Discussion: View Thread

  • 1.  Where do publish in CAR?

    Posted 05-11-2023 16:54
    Edited by Joseph Gladstone 05-11-2023 16:55

    Hello, Everyone,

    In this post I'm going to be completely open that I'm an absolute neophyte in the Careers area and take my newbie status as liberty to write frankly and casually about my ignorance in this area and my need to transform my lack of skill in Careers research and writing into something constructive and productive.

    I'm discovering that a lot of my work appears to fall within the Careers domain. However I wasn't formally trained in studying and writing about careers, so I'm not familiar at all with where to send my work for peer review, let alone the current discussions within this academic area. 

    In short, I need some advice, a primer basically, in careers as a scholarship area. I am not attending AOM this year, so PDWs are out.
    Specifically, I'm working with a colleague qualitatively exploring academic careers of academic faculty from underrepresented populations. Where can I publish this stuff and what interesting things should I be looking for? In case there are tips buried deep in this discussion area, where will I find them?



    Joseph Gladstone
    Associate Professor
    Washington State University - Everett

  • 2.  RE: Where do publish in CAR?

    Posted 05-12-2023 07:42

    Dear Joe,


    Welcome to the Careers community.


    We have many people studying and publishing on careers, and it is a very enthusiastic and supportive community. Do come to the AOM in the future.


    As for academic careers, I can offer you some papers on the issue – see below.


    As for where to aim in terms of journals, there are several career focused journals (e.g.), and some HRM journals and general OB journals open to publish on careers.

    Major journals focusing on careers:

    Journal of Vocational Behavior

    Career Development International

    Career Development Quarterly

    General HRM are: HRM; HRMJ; IJHRM; to start with

    General OB journals to fit: JOB, Human Relations

    Much depends on the quality – contribution of the paper.


    Good luck





    My relevant paper:

    Baruch Y. & Hall, D. T. (2004). Preface for the JVB special issue on careers in academia. Journal of Vocational Behavior, 64(2), 237-240.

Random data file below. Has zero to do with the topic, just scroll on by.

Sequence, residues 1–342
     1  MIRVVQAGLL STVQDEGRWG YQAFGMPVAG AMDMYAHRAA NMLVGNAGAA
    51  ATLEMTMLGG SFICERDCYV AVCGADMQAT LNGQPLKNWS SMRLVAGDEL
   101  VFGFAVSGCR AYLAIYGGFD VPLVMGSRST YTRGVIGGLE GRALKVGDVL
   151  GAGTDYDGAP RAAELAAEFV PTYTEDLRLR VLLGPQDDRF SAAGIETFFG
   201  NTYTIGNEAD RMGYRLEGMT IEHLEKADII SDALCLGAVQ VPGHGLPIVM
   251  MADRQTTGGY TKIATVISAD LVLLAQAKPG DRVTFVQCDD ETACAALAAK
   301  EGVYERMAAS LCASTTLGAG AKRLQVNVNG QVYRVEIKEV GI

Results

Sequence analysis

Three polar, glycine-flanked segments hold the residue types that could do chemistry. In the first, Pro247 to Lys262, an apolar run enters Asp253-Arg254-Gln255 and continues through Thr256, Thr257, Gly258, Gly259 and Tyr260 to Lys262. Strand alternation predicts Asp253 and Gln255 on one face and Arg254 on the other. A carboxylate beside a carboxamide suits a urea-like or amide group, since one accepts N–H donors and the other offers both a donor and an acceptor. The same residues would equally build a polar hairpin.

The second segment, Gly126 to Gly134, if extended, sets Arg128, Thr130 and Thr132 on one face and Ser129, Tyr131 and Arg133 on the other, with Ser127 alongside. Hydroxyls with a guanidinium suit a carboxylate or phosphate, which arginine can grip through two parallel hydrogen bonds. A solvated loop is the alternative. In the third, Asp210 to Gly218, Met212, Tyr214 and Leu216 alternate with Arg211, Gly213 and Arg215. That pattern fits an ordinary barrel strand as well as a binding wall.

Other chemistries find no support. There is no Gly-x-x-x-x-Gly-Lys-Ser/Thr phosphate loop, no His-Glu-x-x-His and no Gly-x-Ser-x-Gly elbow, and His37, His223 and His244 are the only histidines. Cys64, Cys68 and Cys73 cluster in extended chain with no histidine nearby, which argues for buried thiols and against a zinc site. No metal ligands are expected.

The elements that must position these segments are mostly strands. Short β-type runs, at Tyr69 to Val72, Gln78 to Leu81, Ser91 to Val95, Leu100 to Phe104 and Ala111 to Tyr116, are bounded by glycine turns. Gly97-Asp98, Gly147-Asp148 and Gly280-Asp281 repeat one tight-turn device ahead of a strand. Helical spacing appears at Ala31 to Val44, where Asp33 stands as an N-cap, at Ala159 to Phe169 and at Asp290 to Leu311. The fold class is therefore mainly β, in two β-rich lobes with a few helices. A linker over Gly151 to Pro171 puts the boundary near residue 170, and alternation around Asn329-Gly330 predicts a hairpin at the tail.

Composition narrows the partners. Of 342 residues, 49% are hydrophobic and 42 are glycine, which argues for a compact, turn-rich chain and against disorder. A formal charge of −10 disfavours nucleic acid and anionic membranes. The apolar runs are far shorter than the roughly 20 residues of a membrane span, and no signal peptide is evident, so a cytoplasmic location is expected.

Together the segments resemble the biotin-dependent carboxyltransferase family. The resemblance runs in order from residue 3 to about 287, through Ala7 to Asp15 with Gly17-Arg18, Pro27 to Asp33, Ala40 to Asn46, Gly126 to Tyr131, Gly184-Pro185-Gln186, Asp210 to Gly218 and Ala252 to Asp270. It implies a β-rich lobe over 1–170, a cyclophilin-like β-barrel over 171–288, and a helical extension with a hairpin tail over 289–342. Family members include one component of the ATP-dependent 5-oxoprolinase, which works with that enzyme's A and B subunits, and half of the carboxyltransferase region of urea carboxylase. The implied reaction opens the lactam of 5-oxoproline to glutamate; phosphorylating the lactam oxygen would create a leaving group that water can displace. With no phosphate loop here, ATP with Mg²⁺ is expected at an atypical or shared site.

Baruch, Y. & Hall, D. T. (2004). The academic career: A model for future careers in other sectors? Journal of Vocational Behavior, 64(2), 241-262.


    Baruch, Y. (2013). Careers in Academe: The Academic Labour Market as an Eco-System. Career Development International, 18(2), 196-210.


    Kindsiko, E. & Baruch, Y. (2019). Careers of PhD graduates: The role of chance events and how to manage them. Journal of Vocational Behavior, 112, 122-140.


    Altman, Y., Baruch, Y., Zoghbi-Manrique de Lara, P., & Viera-Armas, M. (2020). Baby Boomers at the Cusp of their Academic Career: Storming ahead, Hanging on, or Calling it a day. Studies in Higher Education, 45(7), 1335-1350. doi: 10.1080/03075079.2019.1610864


    Baruch, Y., Point, S, & Humbert, A. L. (2020). Factors related to knowledge creation and career outcomes in French academia. Academy of Management Learning & Education, 19(2), 147-167. doi: 10.5465/amle.2018.0028


    BTW – not all is great in Careers – see:

    Baruch, Y. & Vardi, Y. (2016). A fresh look at the dark side of contemporary careers: Toward a realistic discourse. British Journal of Management, 27(2), 355-372. doi: 10.1111/1467-8551.12107


    For others' work see:

    Dany, F., Louvel, S. & Valette, A. (2011). Academic careers: The limits of the 'boundaryless approach' and the power. Human Relations, 64, 971-996.


    Kirchmeyer, C. (2005). The effects of mentoring on academic careers over time: Testing performance and political perspectives. Human relations, 58, 637-669.


    Kraimer, M. L., Greco, L., Seibert, W. E. & Sargent, L. D. (2019). An Investigation of Academic Career Success: The New Tempo of Academic Life. Academy of Management Learning & Education, 18(2), 128-152.  doi: 10.5465/amle.2017.0391


    Richardson, J., & Zikic, J. (2007). The darker side of an international academic career. Career Development International12(2), 164-186.


    Valle, M. & Schultz, K. (2011). The etiology of top-tier publications in management: A status attainment perspective on academic career success. Career Development International, 16, 3, 220-237.seibert

    Apologies for the many others who published on academic careers that I missed mentioned.



    Dr Yehuda Baruch, FAcSS, FBAM

    Professor of Management

    Southampton Business School

    University of Southampton

    Southampton SO17 1BJ, UK



    Affiliated Professor, Audencia Business School, France


    Author: Managing Careers & Employability (2022) Sage.


    Recent papers:

    Baruch, Y. & Rousseau, D. M. (2019). Integrating Psychological Contracts and their Stakeholders in Career Studies and Management. The Academy of Management Annals, 13(1), 84-111.


    Guo, L. & Baruch, Y. (2020). The moderating role of a city's institutional capital and people's migration status on career success in China. Human Relations, 74(5) 678–704.


    Hart, D. & Baruch, Y. (2022). The Dynamics of Diplomatic Careers: The Shift from Traditional to Contemporary Careers. Human Resource Management, 61(2), 259-276.